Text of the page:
BedMD: What To Do When Your Partner Snores
At the end of a long day, there’s nothing better than sliding into bed next to your partner. Until it starts… the snoring. No matter how close your relationship or comfortable your mattress, a partner who’s sawing logs can ruin your night. Don’t hit the couch just yet though. These six strategies can help you both sleep through the night.
Talk about it.
Don’t suffer in silence. Have a conversation about your partner’s snoring, but keep it light: “Are you tired this morning? You were really ripping it up last night” or, “Man, I felt like I was sleeping on the runway at LaGuardia all night. Did you sleep OK?” Text them the viral video of the woman whose snoring sounds like a WWI bomber. The response will usually be surprise, then an apology. But after you’ve had the conversation more times than Lindsay Lohan has had second chances, it’s time to move on to other strategies.
Have a wake-up or shake-and-roll policy.
Let your partner know that if their snoring wakes you up, you’ll try to shake them awake or try to re-orient them in bed. Most snoring occurs from sleeping on the back, when the base of the tongue and soft palate slide against the back of the throat and cause vibration. Ease your partner onto their side or prop up their head with an additional pillow. (Although if you choose the latter, you might have hell to pay in the A.M. for their stiff neck.)
Try Breathe-Right strips.
Those adhesive strips attach to the outside of the nose, opening the airway and easing congestion that can cause snoring. The company claims that Breathe-Right strips reduce snoring it up to 90% of people who use them, but a 2014 survey of studies published in the International Journal of General Medicine showed very mixed results. (I can report that they work for me, but they’re expensive, and the A.M. removal process is not the most sensual experience.) Major drugstores also stock anti-snoring sprays and tablets such as SnoreStop, which contains a mix of herbs that are intended to reduce inflammation and ease congestion. They might be worth a try.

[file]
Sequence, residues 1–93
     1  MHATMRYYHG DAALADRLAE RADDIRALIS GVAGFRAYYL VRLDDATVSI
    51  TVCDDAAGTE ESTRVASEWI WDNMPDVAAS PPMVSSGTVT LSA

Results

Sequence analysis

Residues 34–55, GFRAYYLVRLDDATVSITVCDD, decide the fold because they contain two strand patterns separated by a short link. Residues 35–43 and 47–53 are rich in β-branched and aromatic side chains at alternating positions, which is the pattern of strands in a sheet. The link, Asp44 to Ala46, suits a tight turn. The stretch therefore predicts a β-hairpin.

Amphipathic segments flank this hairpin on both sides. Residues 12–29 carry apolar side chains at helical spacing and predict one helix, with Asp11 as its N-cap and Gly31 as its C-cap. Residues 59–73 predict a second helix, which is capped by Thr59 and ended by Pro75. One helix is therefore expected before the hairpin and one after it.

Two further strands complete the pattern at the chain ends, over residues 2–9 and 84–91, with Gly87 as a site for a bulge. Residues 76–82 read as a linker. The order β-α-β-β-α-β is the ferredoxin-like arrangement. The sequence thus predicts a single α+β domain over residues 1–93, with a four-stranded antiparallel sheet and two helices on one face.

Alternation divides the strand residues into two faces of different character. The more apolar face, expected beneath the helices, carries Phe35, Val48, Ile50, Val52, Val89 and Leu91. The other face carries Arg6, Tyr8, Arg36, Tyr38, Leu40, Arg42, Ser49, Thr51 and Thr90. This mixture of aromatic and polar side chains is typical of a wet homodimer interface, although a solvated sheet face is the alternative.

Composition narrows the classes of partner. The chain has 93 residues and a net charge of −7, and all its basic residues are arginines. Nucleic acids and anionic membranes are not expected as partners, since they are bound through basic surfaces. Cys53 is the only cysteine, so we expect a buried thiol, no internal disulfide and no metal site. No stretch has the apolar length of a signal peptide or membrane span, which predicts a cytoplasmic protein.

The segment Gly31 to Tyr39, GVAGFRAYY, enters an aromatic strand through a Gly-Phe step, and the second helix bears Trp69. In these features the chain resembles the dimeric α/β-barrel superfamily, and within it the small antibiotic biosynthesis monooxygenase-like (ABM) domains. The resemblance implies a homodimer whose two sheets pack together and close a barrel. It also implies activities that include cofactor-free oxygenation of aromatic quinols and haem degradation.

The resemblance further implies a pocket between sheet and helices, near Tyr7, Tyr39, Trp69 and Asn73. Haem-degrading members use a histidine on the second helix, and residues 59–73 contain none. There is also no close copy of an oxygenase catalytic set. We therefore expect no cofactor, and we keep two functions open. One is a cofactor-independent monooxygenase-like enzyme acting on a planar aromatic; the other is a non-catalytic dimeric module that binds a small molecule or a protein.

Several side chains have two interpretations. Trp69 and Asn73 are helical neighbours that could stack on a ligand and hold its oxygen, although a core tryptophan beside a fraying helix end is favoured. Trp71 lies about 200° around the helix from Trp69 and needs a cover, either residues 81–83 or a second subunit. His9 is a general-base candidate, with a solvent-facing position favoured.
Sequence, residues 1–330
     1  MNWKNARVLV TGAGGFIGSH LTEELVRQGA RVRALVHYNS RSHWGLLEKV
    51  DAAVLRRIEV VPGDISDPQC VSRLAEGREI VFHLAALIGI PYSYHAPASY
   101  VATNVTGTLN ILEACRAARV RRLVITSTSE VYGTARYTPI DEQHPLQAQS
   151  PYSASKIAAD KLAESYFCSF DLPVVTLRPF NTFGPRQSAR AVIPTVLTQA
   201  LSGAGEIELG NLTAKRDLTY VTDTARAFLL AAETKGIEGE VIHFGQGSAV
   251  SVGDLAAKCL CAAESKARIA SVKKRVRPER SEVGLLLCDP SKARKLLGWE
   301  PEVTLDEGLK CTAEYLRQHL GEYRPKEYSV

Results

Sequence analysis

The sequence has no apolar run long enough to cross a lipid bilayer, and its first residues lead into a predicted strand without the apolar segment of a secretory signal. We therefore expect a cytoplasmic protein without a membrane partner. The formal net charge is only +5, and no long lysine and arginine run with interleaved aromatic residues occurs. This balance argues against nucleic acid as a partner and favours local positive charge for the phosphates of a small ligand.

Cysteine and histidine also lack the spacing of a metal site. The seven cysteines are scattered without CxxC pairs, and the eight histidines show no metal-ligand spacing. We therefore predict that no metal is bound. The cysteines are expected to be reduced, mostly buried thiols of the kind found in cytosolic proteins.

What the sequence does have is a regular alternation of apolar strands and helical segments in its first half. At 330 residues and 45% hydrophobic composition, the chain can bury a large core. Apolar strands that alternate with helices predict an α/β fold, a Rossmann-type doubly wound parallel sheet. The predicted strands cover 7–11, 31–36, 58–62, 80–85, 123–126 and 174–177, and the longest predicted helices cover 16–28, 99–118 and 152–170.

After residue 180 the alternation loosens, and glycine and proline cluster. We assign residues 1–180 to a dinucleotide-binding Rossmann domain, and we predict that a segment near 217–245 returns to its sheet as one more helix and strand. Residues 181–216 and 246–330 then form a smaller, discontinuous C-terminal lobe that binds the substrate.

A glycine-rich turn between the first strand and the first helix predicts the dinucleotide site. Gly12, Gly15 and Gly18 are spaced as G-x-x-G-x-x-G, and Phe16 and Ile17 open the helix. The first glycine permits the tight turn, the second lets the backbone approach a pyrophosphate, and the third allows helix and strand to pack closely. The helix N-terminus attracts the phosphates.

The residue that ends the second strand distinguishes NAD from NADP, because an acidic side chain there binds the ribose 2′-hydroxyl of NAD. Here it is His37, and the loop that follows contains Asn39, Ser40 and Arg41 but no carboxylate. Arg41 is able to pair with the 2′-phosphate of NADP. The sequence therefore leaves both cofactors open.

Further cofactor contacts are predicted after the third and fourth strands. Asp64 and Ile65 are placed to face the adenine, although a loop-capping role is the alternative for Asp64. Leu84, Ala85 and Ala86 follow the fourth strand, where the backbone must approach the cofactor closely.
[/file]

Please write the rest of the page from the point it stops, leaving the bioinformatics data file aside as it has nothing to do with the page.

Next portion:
Get a full-body pillow.
Having your partner sleep against a full-body pillow will encourage them to slumber on their side, which will discourage snoring. The Wamsutta Quilted Body Pillow ($20) is highly rated. Just don’t position it between you — that’ll make all these strategies redundant. And you might want to avoid any pillowcases printed with anime characters; as James Franco proved on 30 Rock, that could get creepy.
Start happy hour earlier.
Alcohol relaxes the muscles of the mouth and throat, which can lead to snoring. Stop drinking three hours before bedtime. (And you thought starting the conversation about snoring was tough.)
Make sure it’s not serious.
And now, the bummer: About 75% of chronic snoring is caused by obstructive sleep apnea, in which breathing is interrupted occasionally during sleep. It’s a potentially dangerous condition that can lead to high blood pressure and heart and liver problems, according to the Mayo Clinic. (And yes, the Mayo Clinic lists “sleep-deprived partners” as a complication of snoring, right after those liver problems.) Have your partner talk to their doctor, who may refer them to an ear, nose and throat specialist.